For the best performance, you want a cable with the best Shannon law bandwidth. This means either type system, reclocked or not, will get data more consistently. Re clocked systems won’t really see a benefit unless the original cable was pretty bad (loss of data) this is rare as most links are SHORTER, and thus much improves the signal over the noise. This improves the BW significantly.

You can go whole hog, and use CAT7 ISTP. The 22 AWG wire, and shields that pretty much remove NEXT to -100 dB can’t be beat. The signal has no real noise to compete with. But, connectors are expensive, as is the cable, and it is larger on size and more fragile as it is a FOAM dielectric.

For UTP, look at cables like DT600E or 4800. These are the highest shannons law bandwith UTP ethernet cables Belden makes. Both are over twice the spec requirements for Ethernet.

The SOUND of Ethernet depends on the JITTER figures reconstructed in the D to A process. In my case, I use ethernet over a wall wart to the Bridge II. It reconstructs then re clocks all the data so the external network isn’t “heard”. I detect zero skips or issues at all using cat6 to and from the wall warts.

Oh, don’t use 6A UNLESS you really have 10G. 6A is designed as cat6 internal, not as good as 3600, 4800 or DT600E. The reason is the special and unique designs to reduce EXTERANAL ALIEN NEXT impact the ability to reach optimum internal NEXT figures. Only 6A needs a balance of internal to external crosstalk properties.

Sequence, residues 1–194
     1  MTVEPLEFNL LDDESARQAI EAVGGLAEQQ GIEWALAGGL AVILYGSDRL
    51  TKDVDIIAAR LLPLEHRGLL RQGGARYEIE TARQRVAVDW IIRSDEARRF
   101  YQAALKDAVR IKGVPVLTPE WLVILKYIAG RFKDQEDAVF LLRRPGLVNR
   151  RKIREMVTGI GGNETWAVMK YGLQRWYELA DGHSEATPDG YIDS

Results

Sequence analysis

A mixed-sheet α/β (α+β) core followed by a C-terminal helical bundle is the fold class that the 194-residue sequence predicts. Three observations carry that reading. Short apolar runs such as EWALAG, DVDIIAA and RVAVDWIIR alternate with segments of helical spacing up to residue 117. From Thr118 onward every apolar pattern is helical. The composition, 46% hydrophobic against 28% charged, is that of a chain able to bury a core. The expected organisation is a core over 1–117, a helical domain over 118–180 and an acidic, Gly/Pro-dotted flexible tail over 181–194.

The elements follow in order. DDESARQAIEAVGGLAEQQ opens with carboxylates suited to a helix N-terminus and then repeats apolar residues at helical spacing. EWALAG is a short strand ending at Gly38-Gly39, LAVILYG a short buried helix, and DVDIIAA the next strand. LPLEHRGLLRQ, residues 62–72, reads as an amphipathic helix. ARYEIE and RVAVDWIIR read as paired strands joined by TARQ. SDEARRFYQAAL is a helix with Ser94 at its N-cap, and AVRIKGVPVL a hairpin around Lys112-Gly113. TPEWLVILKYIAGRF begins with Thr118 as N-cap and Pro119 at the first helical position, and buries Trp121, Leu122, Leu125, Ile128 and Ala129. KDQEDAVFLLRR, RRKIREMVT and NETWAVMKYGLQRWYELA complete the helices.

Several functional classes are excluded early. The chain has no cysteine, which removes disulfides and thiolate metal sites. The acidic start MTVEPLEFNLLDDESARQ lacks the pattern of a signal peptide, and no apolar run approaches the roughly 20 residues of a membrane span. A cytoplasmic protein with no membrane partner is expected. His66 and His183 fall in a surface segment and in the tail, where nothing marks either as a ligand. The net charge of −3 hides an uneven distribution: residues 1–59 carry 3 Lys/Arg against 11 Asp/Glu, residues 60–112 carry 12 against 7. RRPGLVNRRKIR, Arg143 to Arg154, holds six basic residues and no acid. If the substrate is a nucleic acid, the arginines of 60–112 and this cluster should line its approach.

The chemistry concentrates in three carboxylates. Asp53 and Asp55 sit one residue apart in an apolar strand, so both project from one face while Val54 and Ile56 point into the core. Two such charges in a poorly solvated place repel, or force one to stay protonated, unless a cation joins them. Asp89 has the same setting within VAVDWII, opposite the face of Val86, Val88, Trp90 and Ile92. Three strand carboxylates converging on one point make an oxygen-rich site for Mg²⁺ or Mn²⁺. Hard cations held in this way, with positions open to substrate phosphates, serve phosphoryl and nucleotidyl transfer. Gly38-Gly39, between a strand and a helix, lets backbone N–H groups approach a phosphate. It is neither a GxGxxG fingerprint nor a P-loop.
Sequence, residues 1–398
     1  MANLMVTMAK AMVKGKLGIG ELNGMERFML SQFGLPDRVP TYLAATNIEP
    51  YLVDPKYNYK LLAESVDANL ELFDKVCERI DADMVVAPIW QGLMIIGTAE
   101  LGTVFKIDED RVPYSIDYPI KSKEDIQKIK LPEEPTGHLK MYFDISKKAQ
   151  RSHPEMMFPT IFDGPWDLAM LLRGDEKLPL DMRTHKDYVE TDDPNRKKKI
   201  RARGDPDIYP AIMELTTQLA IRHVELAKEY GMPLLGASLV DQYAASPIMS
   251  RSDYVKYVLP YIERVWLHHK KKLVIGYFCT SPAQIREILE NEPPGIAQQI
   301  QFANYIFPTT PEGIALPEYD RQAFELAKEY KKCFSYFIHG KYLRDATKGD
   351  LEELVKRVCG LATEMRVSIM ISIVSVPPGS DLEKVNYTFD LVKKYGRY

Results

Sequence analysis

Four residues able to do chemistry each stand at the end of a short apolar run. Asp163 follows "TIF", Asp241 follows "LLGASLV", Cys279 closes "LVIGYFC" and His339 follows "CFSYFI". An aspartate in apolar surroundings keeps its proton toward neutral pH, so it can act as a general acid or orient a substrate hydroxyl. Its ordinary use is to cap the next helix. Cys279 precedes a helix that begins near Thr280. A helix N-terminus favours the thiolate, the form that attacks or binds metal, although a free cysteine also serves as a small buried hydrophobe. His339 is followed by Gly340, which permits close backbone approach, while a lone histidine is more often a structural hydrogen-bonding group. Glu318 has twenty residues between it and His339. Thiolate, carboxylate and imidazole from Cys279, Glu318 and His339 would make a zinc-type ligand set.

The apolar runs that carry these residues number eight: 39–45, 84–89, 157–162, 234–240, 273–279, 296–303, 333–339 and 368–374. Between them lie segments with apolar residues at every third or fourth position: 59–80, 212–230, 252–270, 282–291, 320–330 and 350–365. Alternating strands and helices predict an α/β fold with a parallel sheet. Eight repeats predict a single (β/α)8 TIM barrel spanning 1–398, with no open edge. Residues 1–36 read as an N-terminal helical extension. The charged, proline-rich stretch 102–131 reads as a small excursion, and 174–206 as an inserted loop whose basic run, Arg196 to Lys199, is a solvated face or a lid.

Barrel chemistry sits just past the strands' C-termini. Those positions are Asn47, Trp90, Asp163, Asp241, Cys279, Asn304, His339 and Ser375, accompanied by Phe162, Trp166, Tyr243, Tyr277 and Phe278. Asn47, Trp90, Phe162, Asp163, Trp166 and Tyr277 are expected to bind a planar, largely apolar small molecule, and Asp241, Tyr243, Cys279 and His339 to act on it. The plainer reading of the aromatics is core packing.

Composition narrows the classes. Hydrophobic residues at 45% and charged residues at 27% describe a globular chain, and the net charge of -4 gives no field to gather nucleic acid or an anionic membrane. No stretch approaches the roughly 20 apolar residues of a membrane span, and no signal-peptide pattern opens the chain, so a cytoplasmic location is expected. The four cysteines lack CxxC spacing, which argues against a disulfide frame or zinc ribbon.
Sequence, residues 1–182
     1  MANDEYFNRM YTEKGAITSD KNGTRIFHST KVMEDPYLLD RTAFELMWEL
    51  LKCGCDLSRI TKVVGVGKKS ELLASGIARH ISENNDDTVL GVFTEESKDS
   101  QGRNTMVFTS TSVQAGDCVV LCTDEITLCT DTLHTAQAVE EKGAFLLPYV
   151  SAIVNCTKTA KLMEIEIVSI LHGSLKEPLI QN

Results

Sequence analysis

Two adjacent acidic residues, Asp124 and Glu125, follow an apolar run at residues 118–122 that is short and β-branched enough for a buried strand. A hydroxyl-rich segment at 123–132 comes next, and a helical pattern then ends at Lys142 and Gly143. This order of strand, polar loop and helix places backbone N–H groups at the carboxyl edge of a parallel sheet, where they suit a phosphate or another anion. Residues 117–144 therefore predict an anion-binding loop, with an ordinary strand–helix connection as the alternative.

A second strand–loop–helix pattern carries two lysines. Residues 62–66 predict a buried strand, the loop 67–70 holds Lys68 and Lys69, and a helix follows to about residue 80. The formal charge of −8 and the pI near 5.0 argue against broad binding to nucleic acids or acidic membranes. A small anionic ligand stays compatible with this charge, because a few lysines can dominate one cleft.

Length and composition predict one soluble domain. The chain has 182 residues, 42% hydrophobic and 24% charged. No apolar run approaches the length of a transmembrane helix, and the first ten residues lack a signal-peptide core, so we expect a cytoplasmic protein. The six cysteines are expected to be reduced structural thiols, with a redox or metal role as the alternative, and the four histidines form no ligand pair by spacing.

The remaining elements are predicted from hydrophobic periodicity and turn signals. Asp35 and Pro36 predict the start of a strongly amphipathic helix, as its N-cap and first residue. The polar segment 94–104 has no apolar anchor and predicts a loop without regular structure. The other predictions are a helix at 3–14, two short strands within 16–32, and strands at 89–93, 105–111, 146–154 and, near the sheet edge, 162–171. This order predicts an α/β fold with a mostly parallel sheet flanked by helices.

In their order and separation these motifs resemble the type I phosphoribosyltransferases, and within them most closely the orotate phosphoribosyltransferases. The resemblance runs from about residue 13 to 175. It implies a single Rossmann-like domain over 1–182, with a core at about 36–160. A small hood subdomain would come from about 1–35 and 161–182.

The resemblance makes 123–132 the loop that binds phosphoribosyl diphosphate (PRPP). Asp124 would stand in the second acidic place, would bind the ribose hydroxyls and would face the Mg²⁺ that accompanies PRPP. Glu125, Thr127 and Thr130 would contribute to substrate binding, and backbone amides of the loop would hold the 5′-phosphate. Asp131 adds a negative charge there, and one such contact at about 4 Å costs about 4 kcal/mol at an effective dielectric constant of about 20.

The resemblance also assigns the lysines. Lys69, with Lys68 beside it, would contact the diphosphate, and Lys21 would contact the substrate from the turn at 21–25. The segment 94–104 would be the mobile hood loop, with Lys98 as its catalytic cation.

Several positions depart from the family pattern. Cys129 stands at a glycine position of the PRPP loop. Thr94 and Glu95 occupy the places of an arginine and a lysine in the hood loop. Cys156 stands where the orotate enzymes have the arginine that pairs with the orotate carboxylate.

6A will NOT be as economical or even as good on 10/100/1000 Ethernet. It isn’t made for that. CAT7, by using ISTP design can manage both tecnologies as external and internal are reduced with the shield over each pair. Overall shields called FTP around the group of 4 pairs are for external noise, but not internal noise shielding. And, outer FTP shield reduce internal NEXT performance as the EM wave are coupled into the pairs more aggressively. But, the external FTP shield reduces EXTERNAL or alien NEXT, called ANEXT. There is a balance of internal to external noise mitigation.

Shannon law depends on, as we read, noise reduction and signal level. Using shields ALSO INCREASES attenuation. This mitigates the shannons theoretical limits since the signal is weaker due to using the shield. However, if you lose 1 dB of signal, but gain 3 dB better noise levels, it is still a 2dB improvement in signal to noise. CAT7 uses 22 AWG with shields to offset the loss where cat 5, 5e, 6 and 6A use 24 or 23 AWG in UTP or FTP. CAT 7 is a brute force design on attenuation and shielding, both. The closer a shield is to the pair, the higher the signal loss. Overall shields aren’t as bad as individual shields. Use bigger wire to compensate and less lossy foam dielectrics in CAT7.